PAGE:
Relief, for Jacqueline Coumans, 77, a retired decorator and French instructor, from fears induced by what she termed “our political chaos” has recently come from reciting the fables of the 17th-century French fabulist Jean de La Fontaine. “I could not fall asleep at all after the first debate,” Ms. Coumans said in a Facebook message. “I was waking up at 3 a.m. sweating with anxiety.”

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No matter that the sonorous tempo of the French in use when she memorized the fables in childhood is often paradoxically at odds with their harsh underlying moral lessons — “The Wolf and the Lamb,” with its conclusion that might is right, is particularly unnerving — Ms. Coumans finds them soothing. “There’s a balance in the sentences that balances your brain.”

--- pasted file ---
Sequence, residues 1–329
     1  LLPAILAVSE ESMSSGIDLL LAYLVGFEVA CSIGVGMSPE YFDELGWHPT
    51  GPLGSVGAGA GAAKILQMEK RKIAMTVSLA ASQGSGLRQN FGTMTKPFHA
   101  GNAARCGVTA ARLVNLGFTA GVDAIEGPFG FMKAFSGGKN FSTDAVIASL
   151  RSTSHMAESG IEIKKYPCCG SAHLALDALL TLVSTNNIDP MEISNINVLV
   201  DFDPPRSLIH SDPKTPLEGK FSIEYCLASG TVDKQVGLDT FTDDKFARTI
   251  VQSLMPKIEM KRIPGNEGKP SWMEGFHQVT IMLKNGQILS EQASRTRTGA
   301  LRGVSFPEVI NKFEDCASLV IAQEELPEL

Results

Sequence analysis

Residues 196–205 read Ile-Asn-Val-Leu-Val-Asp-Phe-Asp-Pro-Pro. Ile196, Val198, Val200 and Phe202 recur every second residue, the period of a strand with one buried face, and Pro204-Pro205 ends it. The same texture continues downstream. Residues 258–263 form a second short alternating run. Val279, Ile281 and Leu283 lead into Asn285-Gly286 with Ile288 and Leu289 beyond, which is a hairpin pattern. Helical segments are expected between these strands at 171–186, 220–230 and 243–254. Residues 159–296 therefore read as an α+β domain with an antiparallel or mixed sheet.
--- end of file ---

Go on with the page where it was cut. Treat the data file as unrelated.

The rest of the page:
To find her own equilibrium in parlous times, Sally Fischer, a Manhattan publicist in her 60s, turns not to literature, she said, but to vintage sitcoms. “I’m a naturally calm person, so I actually find it difficult to jump out of my skin,” Ms. Fischer said.

Yet in the run-up to Nov. 3, Ms. Fischer has become all too familiar with a physical anxiety evoked by that figure of speech. “I’ve never been much of a TV person, but now, from 3 a.m. until I fall asleep again, I retreat into ‘The Andy Griffith Show’ or Dick Van Dyke or ‘Make Room for Daddy,’” Ms. Fischer said. “This may sound stupid, but watching how Andy Griffith raised Opie or Danny Thomas raised his TV kids, in a world where the work ethic, doing charitable work, being good to thy neighbor is such a counter to the disgustingness we’re going through now, helps me suppress the demons.”

A widespread, palpable sense of being hunted into the predawn darkness hardly seems out of the ordinary with the world in the grip of a lethal and invisible menace, said Asha Tarry, a psychotherapist practicing in Manhattan. “To the multiple stresses we’ve all experienced during Covid,” Ms. Tarry said, “add the compounding factors of racial tension, furloughs, the elections, so much social isolation, and it is not surprising people are sleepless, grinding their teeth and having 3 a.m. nightmares.”

source: nytimes.com

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